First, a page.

Liked by 1 person

  3. You are the reading–and writing–woman. And yay, Mateo made your list I’m so honored and next to Lee Child. I’m in the company of royalty:)
    On the other list are three of my faves, along with Natural Selection.
    Have a Happy Reading/Writing New Year.
    Hugs

    Liked by 1 person

  4. Ewww. lecturing you on politics? Good riddance. So nice that there are so many great books to read, you can easily pass on the ones you don’t like. (Pass on as is “stop reading” not “give to someone else,” although I suppose that makes sense too.) 🙂

    Liked by 1 person

  5. I’ve read almost all of the books on your top ten reviews list, Jacqui, and was delighted to see my latest there. The only one on your “favorites” list that I’ve read is Mateo’s Blood Brother, which I thoroughly enjoyed. 🙂 189 books! You’re amazing, my friend. And I prefer reading to all those other things too. 🙂 Thanks for that laugh.

    Liked by 2 people

  6. Wow, Jacqui, 189 books!! Do you ever sleep? 🙂 I know I’ve asked you this before, haha.

    Fun to see your stats. My average is about six books a year. I’d love to read more, but, even though I rarely watch “TV” (Netflix on the laptop), I still don’t find the time to read, because I always have so many internet “obligations” in the evening.

    Liked by 2 people

  7. That’s impressive, Jacqui. Seeing some of the stories and authors I’ve read on your top ten list was fun. I am a creature of habit. My prime reading time is before bed. That can be a blessing or curse as I suddenly realize it’s 2:00 a.m., and I can’t put a book down. When I start reading a page for the third time, that’s usually my cue to call it a night.

    Liked by 4 people

    • So true! I read after dinner because I’m still pretty much awake. And during lunch, and after I tred mid-afternoon. I find it helps to inspire my writing so with the new trilogy banging around in my head, the more I read, the better.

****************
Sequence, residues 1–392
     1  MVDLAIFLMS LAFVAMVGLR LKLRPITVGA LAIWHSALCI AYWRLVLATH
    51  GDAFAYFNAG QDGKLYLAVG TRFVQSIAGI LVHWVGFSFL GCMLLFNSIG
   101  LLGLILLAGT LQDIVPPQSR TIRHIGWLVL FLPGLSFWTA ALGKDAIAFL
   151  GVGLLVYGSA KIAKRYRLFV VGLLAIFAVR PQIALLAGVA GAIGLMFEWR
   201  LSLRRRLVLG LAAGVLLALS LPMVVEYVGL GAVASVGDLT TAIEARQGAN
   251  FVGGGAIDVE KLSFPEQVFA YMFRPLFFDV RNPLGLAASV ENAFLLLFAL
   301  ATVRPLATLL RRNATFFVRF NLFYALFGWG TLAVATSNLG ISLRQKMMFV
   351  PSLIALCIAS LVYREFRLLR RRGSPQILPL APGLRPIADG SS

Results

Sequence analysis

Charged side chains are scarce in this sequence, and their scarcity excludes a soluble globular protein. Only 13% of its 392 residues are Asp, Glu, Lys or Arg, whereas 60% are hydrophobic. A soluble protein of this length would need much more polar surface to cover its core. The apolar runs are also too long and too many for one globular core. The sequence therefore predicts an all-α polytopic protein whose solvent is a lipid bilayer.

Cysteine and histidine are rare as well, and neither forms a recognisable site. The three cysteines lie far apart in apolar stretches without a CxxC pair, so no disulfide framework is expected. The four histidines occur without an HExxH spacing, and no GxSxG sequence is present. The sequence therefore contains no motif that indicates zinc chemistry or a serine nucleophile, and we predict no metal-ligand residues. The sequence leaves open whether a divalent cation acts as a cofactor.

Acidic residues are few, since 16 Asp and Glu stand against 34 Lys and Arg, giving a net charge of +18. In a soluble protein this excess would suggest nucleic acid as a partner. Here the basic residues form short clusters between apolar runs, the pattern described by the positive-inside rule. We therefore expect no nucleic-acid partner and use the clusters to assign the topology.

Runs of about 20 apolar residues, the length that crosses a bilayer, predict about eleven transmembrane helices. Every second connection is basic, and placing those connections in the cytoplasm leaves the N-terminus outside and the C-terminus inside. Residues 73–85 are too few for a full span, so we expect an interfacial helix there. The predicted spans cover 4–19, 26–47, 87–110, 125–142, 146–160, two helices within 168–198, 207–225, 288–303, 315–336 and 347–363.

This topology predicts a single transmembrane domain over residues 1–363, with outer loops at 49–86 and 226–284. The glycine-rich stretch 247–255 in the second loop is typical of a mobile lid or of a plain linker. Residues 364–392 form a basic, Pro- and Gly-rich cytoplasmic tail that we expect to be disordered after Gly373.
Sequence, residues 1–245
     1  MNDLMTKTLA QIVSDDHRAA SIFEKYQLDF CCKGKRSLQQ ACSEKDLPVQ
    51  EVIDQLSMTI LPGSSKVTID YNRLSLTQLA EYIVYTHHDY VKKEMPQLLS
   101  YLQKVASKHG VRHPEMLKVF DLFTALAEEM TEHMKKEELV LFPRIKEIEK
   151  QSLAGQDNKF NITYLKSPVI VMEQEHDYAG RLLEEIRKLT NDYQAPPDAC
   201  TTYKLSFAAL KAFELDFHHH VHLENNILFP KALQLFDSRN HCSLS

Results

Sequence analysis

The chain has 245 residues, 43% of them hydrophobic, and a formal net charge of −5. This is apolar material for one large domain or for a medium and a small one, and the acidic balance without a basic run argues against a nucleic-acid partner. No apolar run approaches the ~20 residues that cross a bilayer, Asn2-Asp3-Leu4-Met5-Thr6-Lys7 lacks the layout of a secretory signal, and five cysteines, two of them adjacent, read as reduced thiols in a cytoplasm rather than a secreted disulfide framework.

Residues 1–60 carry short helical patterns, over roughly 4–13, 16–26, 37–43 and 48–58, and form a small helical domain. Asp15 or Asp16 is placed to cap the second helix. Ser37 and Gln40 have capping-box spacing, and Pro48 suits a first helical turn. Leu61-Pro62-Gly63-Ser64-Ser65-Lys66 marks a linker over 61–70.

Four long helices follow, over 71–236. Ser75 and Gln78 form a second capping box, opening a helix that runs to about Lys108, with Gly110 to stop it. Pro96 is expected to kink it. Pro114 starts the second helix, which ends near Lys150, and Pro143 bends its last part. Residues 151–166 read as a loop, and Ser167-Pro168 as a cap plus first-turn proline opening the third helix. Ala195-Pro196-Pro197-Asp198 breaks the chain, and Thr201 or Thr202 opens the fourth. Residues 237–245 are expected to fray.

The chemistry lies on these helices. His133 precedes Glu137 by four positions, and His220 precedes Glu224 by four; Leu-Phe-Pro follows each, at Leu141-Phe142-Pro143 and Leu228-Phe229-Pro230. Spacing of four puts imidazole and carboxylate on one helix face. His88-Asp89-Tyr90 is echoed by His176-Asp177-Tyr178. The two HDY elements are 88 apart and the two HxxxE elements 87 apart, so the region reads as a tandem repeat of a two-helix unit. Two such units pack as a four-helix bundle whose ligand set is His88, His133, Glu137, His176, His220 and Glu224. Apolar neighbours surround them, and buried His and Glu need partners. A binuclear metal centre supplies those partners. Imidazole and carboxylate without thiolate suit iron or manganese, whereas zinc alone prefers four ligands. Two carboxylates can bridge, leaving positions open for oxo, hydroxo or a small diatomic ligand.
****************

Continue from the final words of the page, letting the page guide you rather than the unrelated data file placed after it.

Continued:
Liked by 1 person

  8. Wow! 189 books, that’s amazing! Thank you so much for including Weathered: Finding Strength on the John Muir Trail. I really appreciate you taking the time to read it and write a review. Can’t wait to see what you read in 2023!

    Liked by 1 person

  9. Oh, wow! You really did some reading 🙂 Happy to see A Voice in the Silence on the review list, thanks. I loved Mateo too. I hope there are many more. I just signed up for Netgally, although not sure how much time I can devote to that. I hope you have another great reading year!

    Liked by 1 person

    • Your book was exceptional, Denise. I’m so glad I bought it.

      I don’t think there’s any time requirement. Probably the more you review, the more approvals you get, but I got at least one auto-approval my first week as a member.

      Liked by 1 person

  10. Pingback: 2022 Reading Update - From a Rocky Hillside

  11. What a fabulous roundup of books! I love seeing your top ten and then the blog’s top ten, but both lists are packed with lovely reads. Your note on the thriller authors who fell off the list due to politics made me chuckle . . . just a little! 🙂

    Liked by 2 people

  12. My blog post that is set for Wednesday includes a review of Grandma Gatewood’s Walk. I enjoyed the book, but was critical on a few details that the author didn’t get right. You’ve already seen my post with my favorite (Anne Applebaum’s “Red Famine”

    Liked by 1 person

      • Russia is an interesting country and so is Stalin. When I travelled across the country in 2011, I saw many statues for Lenin, but not for Stalin. Then, by accident while roaming Gorky Park in Moscow, a group of us discovered a statue cemetery just outside the park proper. There were lots of Stalin statues lying on the ground, along with others. If I had a choice, I would much prefer to meet to Lenin, with all his faults, than Stalin who, in my opinion, was an evil bureaucrat. When I was younger, I read a fair bit of Dostoevsky.

        Liked by 1 person

      • Agreed. It was an enjoyable story, especially as I was on holidays and not a demanding reader as a result of that, but it was somewhat predictable, I thought. Yes, Corey’s attitude became a bit much. For sure, that’s a bit low. I hadn’t looked at the ratings so I didn’t know that.

        Like